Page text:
10. Ok. I think I have figured it out for your TPLink router. It's difficult not having the device here (so not sure where to tell you to click precisely), and the manual is not particularly helpful. I think Ric was on the right track. Interface grouping (Page 31/32) Try this.... Create a new interface group (Audio) Add one or more LAN interfaces to the group (everything connected to these LAN port(s) will be in the new subnet) Now, under LAN setting, I expect you will be able to setup LAN settings for this new (audio) group. [See the pic on page 32, where it say sat the top "Group = Default" ..... well, get up a page with these settings for "Group = Audio" somehow. Eg. IP = 192.168.2.1, subnet mask = 255.255.255.0, DHCP, you could set this up (or just turn it off, and assign the IPs on the audio computer manually). Then setup the audio computer with IP= 192.168.2.x, mask = 255.255.255.0, and gateway = 192.168.2.1 ... and you should be good to go.
  11. Yes, you almost certainly can. Configure the audio computers to have IP addresses in a new subnet (ie. not inside your existing subnet) Configure your router to pass traffic between the your old subnet and the new one you added (assuming you need that - you likely do) Eg. If you existing network is 192.168.1.x (subnet mask = 255.255.255.0 or /24) .... then put the audio computers on IP addresses in 192.168.2.x (255.255.255.0) .... and set the router up so it knows about these two networks and passes traffic between them. Jumbo? As long as it is enabled in the router/switch .... then it should be as simple as a config setting in your network card on your computers.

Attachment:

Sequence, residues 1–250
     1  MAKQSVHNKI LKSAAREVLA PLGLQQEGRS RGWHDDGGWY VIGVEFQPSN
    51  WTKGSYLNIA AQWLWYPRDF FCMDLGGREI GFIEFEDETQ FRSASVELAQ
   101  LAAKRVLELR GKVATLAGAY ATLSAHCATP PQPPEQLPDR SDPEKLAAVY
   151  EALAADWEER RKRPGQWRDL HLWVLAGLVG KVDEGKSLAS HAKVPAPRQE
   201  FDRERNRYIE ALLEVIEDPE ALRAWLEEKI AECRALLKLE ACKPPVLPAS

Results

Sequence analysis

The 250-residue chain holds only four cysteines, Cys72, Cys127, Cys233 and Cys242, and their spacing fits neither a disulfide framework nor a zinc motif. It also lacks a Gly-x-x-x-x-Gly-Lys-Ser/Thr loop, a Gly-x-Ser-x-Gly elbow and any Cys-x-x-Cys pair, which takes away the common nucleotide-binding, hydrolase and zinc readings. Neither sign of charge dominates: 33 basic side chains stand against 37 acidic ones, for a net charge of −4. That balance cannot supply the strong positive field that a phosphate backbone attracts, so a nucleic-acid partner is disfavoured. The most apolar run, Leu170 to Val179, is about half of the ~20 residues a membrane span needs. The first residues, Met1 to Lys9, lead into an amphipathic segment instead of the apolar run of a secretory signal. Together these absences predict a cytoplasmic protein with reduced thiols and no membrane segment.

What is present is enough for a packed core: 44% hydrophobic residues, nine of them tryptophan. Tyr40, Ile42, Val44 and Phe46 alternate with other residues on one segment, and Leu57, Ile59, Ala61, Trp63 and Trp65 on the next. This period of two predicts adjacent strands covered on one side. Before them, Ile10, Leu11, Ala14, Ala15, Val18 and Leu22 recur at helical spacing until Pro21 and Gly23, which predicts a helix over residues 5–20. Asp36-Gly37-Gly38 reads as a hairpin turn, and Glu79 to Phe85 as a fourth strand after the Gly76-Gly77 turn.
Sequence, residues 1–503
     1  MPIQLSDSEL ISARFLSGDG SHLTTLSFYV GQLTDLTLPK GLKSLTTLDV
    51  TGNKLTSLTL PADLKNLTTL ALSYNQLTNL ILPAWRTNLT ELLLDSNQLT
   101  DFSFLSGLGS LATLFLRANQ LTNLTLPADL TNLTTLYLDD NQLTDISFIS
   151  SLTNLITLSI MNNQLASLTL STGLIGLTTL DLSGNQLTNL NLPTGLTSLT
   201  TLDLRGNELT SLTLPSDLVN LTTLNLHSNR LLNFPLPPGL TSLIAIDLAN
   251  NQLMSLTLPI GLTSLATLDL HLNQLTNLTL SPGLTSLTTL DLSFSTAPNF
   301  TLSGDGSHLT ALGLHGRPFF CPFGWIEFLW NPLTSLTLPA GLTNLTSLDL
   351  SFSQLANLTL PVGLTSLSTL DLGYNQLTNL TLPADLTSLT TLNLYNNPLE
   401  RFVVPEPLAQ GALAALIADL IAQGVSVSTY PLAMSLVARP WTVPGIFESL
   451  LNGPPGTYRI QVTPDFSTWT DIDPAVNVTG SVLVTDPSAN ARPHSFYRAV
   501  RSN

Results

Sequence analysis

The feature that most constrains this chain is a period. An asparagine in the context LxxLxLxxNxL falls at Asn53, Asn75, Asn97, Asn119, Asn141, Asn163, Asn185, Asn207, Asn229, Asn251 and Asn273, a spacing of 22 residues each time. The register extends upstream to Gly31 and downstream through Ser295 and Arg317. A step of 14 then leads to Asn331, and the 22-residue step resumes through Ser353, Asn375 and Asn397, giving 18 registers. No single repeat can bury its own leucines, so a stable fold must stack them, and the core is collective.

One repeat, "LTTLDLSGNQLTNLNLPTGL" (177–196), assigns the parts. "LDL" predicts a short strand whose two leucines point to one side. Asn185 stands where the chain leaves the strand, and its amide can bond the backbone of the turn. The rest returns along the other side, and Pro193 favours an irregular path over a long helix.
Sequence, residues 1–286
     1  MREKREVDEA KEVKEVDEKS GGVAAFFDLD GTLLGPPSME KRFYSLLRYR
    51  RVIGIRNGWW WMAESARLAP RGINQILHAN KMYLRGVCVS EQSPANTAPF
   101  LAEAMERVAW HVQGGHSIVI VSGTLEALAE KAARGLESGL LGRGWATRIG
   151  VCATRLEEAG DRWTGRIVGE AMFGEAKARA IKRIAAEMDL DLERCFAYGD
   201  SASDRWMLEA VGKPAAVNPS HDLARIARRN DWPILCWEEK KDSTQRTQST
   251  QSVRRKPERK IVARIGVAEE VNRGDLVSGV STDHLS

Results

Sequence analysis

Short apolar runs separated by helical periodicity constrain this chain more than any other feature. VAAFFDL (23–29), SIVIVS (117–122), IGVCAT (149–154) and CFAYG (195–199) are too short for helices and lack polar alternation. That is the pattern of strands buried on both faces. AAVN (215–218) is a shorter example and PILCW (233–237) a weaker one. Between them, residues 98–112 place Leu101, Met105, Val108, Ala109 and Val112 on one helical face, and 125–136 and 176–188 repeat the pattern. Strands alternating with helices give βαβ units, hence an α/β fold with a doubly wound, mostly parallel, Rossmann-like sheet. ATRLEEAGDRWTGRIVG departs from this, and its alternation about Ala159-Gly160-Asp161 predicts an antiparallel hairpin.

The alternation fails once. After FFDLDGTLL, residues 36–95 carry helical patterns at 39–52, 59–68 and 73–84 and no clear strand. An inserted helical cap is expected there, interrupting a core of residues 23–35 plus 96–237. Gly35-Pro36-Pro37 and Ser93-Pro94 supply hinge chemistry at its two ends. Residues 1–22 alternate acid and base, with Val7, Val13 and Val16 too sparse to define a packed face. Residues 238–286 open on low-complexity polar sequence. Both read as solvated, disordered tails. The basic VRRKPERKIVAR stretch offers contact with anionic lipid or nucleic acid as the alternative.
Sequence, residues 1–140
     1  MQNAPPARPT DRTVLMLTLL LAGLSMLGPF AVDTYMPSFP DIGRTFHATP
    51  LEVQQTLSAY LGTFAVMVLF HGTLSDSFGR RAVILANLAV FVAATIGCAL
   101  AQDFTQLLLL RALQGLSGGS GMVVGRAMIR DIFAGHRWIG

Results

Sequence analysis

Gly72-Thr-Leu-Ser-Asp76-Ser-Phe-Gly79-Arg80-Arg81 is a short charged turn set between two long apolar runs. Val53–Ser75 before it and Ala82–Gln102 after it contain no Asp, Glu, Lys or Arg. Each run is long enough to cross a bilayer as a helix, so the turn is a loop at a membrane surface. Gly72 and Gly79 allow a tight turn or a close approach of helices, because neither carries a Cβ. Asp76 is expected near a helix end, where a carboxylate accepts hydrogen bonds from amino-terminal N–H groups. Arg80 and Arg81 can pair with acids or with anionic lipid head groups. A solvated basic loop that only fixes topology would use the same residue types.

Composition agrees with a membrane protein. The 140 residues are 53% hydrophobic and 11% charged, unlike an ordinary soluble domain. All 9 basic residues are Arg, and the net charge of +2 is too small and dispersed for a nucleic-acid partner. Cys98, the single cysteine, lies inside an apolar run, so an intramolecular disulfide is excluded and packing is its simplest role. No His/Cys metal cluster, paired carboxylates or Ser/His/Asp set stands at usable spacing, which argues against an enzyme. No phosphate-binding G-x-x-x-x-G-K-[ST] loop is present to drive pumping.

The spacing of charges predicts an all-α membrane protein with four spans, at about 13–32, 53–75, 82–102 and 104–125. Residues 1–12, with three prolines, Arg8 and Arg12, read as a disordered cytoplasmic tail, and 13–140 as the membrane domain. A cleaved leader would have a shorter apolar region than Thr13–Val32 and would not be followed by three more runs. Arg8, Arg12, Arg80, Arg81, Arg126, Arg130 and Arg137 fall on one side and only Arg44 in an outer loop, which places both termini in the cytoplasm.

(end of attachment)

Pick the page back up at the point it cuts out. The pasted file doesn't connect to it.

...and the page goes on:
12. Probably..... but to what degree depends on how it's regulated. ie. There's a big difference between a totally lawless monopoly, and one which has to jump through well constructed regulatory hoops (ie. ones which deliver outcomes which are worth trading for said monopoly). ie. not all monopoly is created equal.
  13. I don't agree. "At a fraction of the cost" ..... what magic pudding is this? Yes, lower upfront costs to the taxpayer. Telstra was offering to build the entire NBN at "zero cost", in return for being the "only ISP". So, sure - we could all have FTTN today, with some FTTH at Telstra discretion..... paying Telstra prices for Telstra service quality (whatever that would be). We only have to look at "Telstra Velocity" to see what that would/could be like. Perhaps if the government had of regulated such a project really well ..... then perhaps if could have worked.
  14. It is... from my (admittedly quick) glance at the spec sheet, I would expect the Dayton model to have better performance there.